The lease proposition is also important in choosing a site. And lease propositions extend far beyond rent alone. The proposition needs to take into account the location and other factors that affect business performance of the site. Some operators go for the cheapest site within a precinct, but then are unhappy with the turnover. So depending on your business, for example, whether it is destinational, such a strategy might work. And sometimes, operators have to go for the prime locations with rents to match. Some retailers get carried away with a great
site and end up paying exorbitant rents. Retailers need to have an idea of what their expected turnover would be, and then work back from there, working out their expected operating expenses to see what rent they can afford. To get a better deal on the lease, it helps to know what recent deals other tenants got in comparable locations.
Another part of the lease proposition are clauses in the lease. Lease documentation should always be checked by a solicitor. We generally review lease documentation and negotiate on the lease terms and conditions in an endeavour to protect our clients, before the lease goes to the client’s solicitor.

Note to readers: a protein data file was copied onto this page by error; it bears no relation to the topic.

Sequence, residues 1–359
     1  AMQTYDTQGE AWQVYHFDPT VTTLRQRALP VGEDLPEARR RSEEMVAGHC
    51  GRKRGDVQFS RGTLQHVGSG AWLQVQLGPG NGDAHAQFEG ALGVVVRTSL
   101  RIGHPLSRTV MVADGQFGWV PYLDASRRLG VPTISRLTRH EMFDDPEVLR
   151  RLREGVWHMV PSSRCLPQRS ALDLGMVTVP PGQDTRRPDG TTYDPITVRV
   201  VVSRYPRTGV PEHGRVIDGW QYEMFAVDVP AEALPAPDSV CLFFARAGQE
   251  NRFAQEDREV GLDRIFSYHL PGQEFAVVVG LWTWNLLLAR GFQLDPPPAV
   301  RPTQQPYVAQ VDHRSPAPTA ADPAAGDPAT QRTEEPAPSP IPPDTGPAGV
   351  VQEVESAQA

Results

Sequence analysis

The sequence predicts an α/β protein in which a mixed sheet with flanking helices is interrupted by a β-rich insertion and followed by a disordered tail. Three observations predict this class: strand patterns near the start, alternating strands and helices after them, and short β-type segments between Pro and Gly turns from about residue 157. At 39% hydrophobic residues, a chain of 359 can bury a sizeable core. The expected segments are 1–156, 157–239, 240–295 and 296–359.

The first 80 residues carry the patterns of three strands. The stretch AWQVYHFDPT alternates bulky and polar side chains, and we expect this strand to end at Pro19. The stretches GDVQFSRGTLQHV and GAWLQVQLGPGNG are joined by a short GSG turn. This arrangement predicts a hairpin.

We always advise our clients that if the lease terms are not viable for their business, that it be better that we keep searching for a site where the terms stack up.
For retailers with existing leases, there may be scope to reduce your rent at lease renewal. So it is important to keep abreast of market rates so that when it comes time to enter into a further lease term, you are armed with comparables.
A lot of operators think by saving on the cost of a tenant representative that they will be in front, but we have seen so many examples where the cost of not engaging a tenant representative costs the retailer a lot more.
Jason Malouf has over 20 years of property and financial markets experience, analysing and negotiating leases up to $1,000,000pa in rent and has a reputation for getting the best deal.
Property & General was established in 2007. The agency provides premium Sydney property acquisition and national retail tenant representation services to get clients better returns on their businesses.
02 9387 7082